At revived ‘Super Sunday,’ volunteers work to boost JFed Annual Campaign

Volunteers make calls during Jewish Federation’s Super Sunday event on Nov. 2 at the Saul Brodsky Jewish Community Library.  Organizers said the event was expected to raise $40,000 for the 2014 Annual Campaign. Photo: Yana Hotter 

By David Baugher, Special to the Jewish Light

With the inflatable goal posts and football-themed tablecloth, it certainly felt like Super Sunday. But there is at least one difference between the fundraising phone-a-thon of 2014 and its earlier predecessors. 

No banks of phones.

Thanks to the rise of mobile technology, most of today’s volunteers solicited donations from their own smartphones.

“It’s a low-key Super Sunday event,” said Andrew Rehfeld, president and CEO of the Jewish Federation, noting that the fundraiser’s nature has changed over the years. “Communities across the country see this. The big Super Sunday events of the ‘60s, ‘70s and ‘80s aren’t happening as frequently.”


Until the tradition was revived last year, they had stopped happening in St. Louis, too. But Rehfeld said the importance of the event hasn’t waned for two reasons: First, because the Federation needs dollars to fund communal agencies and priorities.

“The second reason is that it is a great opportunity to give people a chance to give back with their time and energy and have as many people involved in the campaign as possible,” he said.

This year’s event, held in the Brodsky Library, was expected to raise about $40,000 to conclude fundraising efforts for the 2014 campaign. About 35 volunteers came to ring phones or write letters while noshing on cookies, pasta and other treats.

Debbie Chase, vice-president of development, said that the process is a simple one. Volunteers are quickly trained and given a list of contacts. Some stay the whole time. Others just give an hour or so.

“People come in and out,” she said. “It’s up to everybody how they want to spend their time with us, what they want to contribute and how much time they want to put in.”

Volunteer Jessica Randall, a 17-year-old Shaare Emeth congregant from Chesterfield, was there as part of a contingent from the B’nai B’rith Youth Organization.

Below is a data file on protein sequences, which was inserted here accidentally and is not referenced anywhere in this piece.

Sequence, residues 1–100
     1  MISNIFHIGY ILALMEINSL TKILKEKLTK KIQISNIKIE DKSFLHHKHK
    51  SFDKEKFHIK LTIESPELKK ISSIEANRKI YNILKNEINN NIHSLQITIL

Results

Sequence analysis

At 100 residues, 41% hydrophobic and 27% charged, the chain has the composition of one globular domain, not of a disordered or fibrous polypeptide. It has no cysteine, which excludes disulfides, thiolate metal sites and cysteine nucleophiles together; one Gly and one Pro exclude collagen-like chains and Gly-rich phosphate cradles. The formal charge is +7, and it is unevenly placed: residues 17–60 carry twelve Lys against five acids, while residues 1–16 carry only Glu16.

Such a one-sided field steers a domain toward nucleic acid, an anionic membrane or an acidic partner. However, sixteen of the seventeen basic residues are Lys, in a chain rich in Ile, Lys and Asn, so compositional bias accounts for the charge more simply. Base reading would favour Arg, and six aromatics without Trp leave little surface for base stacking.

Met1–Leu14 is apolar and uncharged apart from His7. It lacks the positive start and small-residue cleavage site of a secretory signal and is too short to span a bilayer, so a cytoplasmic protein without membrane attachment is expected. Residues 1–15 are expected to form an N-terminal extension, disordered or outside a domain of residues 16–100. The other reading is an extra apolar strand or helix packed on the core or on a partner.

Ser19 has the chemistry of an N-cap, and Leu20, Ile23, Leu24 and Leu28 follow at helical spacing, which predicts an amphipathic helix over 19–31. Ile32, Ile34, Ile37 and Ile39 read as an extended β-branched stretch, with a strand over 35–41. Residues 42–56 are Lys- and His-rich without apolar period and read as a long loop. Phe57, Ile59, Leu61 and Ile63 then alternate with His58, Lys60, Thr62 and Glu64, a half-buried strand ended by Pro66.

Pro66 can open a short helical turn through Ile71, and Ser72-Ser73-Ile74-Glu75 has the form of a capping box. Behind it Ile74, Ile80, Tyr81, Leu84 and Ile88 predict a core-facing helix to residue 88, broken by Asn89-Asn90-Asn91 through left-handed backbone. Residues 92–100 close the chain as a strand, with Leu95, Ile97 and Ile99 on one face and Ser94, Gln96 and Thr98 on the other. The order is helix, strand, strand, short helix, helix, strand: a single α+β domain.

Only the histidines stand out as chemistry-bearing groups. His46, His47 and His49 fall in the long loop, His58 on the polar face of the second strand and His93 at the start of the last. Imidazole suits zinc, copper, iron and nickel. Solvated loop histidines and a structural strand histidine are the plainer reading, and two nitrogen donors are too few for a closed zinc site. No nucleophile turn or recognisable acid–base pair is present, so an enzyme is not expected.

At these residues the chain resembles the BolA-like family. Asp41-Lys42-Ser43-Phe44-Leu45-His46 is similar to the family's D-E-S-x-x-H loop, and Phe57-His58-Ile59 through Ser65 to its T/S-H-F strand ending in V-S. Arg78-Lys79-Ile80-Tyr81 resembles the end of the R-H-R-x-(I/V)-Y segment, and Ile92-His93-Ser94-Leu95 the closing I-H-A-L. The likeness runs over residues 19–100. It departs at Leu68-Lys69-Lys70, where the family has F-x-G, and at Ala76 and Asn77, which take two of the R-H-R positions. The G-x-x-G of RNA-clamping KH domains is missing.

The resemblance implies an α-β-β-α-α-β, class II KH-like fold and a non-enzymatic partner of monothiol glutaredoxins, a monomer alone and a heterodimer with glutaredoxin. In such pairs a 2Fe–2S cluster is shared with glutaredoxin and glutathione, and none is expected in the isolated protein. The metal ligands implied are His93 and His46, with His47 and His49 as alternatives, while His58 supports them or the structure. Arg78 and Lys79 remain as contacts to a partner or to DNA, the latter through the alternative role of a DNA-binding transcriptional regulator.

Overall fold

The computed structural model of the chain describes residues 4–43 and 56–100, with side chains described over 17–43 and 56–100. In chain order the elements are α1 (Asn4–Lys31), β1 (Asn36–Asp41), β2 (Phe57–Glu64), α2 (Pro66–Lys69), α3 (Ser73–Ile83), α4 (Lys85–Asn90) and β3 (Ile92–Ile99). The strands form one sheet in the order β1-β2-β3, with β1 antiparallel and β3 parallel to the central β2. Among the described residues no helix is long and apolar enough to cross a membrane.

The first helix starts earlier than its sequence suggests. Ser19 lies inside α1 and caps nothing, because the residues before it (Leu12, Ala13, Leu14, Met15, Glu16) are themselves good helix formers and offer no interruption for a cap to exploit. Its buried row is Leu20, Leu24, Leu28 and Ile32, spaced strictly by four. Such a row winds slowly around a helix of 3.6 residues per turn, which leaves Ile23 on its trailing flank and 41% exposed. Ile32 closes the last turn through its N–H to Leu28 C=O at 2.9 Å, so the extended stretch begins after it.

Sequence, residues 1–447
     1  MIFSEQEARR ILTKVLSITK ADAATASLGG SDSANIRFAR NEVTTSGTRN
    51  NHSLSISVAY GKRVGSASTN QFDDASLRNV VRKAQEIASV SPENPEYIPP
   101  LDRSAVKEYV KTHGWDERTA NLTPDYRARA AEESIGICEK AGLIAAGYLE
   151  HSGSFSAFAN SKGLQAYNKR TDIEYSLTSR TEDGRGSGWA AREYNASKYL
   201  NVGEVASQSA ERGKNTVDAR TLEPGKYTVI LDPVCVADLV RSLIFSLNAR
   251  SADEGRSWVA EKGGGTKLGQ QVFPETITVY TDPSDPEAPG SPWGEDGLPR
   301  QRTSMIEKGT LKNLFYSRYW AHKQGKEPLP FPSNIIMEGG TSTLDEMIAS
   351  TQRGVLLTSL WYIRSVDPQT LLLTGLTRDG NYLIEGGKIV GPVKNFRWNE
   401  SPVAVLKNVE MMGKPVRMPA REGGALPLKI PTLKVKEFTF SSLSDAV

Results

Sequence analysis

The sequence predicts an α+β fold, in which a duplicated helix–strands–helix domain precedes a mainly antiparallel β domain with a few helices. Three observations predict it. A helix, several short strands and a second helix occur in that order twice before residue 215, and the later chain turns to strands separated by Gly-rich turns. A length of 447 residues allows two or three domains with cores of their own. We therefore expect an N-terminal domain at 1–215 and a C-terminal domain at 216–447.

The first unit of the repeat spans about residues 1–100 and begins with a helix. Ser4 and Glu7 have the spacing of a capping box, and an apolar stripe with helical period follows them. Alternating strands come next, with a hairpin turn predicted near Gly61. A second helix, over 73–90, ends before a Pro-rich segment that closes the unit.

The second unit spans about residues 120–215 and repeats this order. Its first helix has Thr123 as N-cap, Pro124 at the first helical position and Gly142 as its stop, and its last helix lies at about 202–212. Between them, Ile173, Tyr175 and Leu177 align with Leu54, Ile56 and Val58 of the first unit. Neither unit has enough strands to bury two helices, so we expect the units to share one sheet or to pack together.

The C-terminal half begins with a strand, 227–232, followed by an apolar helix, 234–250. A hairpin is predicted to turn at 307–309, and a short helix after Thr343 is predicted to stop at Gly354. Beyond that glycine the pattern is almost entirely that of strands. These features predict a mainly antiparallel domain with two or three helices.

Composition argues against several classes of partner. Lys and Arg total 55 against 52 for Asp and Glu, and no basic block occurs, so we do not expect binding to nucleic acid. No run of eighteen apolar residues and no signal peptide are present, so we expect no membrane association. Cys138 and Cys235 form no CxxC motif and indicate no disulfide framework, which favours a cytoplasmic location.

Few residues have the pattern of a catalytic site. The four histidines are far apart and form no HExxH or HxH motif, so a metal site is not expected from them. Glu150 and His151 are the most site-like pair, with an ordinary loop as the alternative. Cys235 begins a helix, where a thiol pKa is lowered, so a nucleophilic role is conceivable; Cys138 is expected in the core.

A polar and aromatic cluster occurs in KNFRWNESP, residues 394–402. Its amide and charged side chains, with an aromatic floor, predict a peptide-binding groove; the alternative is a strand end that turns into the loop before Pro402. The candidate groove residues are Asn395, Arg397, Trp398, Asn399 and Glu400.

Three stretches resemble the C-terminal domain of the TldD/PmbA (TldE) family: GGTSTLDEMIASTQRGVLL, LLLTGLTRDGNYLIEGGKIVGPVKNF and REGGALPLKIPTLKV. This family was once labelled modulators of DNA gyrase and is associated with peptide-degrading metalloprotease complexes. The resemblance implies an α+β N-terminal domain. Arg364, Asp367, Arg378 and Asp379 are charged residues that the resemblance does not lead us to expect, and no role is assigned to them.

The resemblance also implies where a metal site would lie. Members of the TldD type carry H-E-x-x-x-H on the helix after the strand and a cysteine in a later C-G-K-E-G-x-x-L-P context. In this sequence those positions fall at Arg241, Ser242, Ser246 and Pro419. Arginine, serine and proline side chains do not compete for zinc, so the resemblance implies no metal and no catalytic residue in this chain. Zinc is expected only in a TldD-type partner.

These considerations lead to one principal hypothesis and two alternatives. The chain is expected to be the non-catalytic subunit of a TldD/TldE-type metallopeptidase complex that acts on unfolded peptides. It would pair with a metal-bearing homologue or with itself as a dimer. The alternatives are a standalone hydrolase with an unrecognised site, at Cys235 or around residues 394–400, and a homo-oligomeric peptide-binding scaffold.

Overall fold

“I love helping out for a good cause and getting involved in the community,” said the Parkway Central student.

Amanda Packman of the Young Professionals Division said she was there to help raise money as well as awareness for YPD’s own upcoming fundraising event. There’s no question why she does it.

“It is to have people hear my personal connection to Jewish Federation and to hear their story as well and help them to forge that bond,” she said.

This isn’t Packman’s first time doing this kind of phone-a-thon. She’s a veteran of previous campaigns.

“It is important for people to recognize that these are not telemarketers,” she said. “These are people who took time out of their day as volunteers to make these phone calls.”

Jerry Padawer, 68, said he feels that every member of the Jewish community should volunteer for efforts like this. He vowed to keep to making calls that Sunday “until I get tired of doing it.”

“Federation does so much,” said the Central Reform congregant. “If you think about people who benefit from the food pantry, little old ladies in Russia who otherwise would nearly starve to death if it weren’t for Federation, kids in preschool who wouldn’t have certain educational benefits if it weren’t for Federation and on and on.”

He said he tries to get people to consider the importance of federated giving.

“For some people, it might be having them think about their grandchildren or their potential grandchildren and what they want for them,” he said. “If they are [of a certain] age, what do they want for their parents?

“I hope that the next time there is a phone-a-thon, anybody reading this will say, ‘I can spend an hour doing that,’” he added.

Amy Pakett, director of communications for Federation, said the event was a good way to reach those who can make a difference.

“The Super Sunday model works really well because it connects people to people,” she said. “Donors all give for different reasons. 

“We have people who give because it is a legacy in their family. They give because they want to support a certain program. 

“But there are also those (who give because) they know their dollars are at work or that someone is appreciating the money they give to Federation.”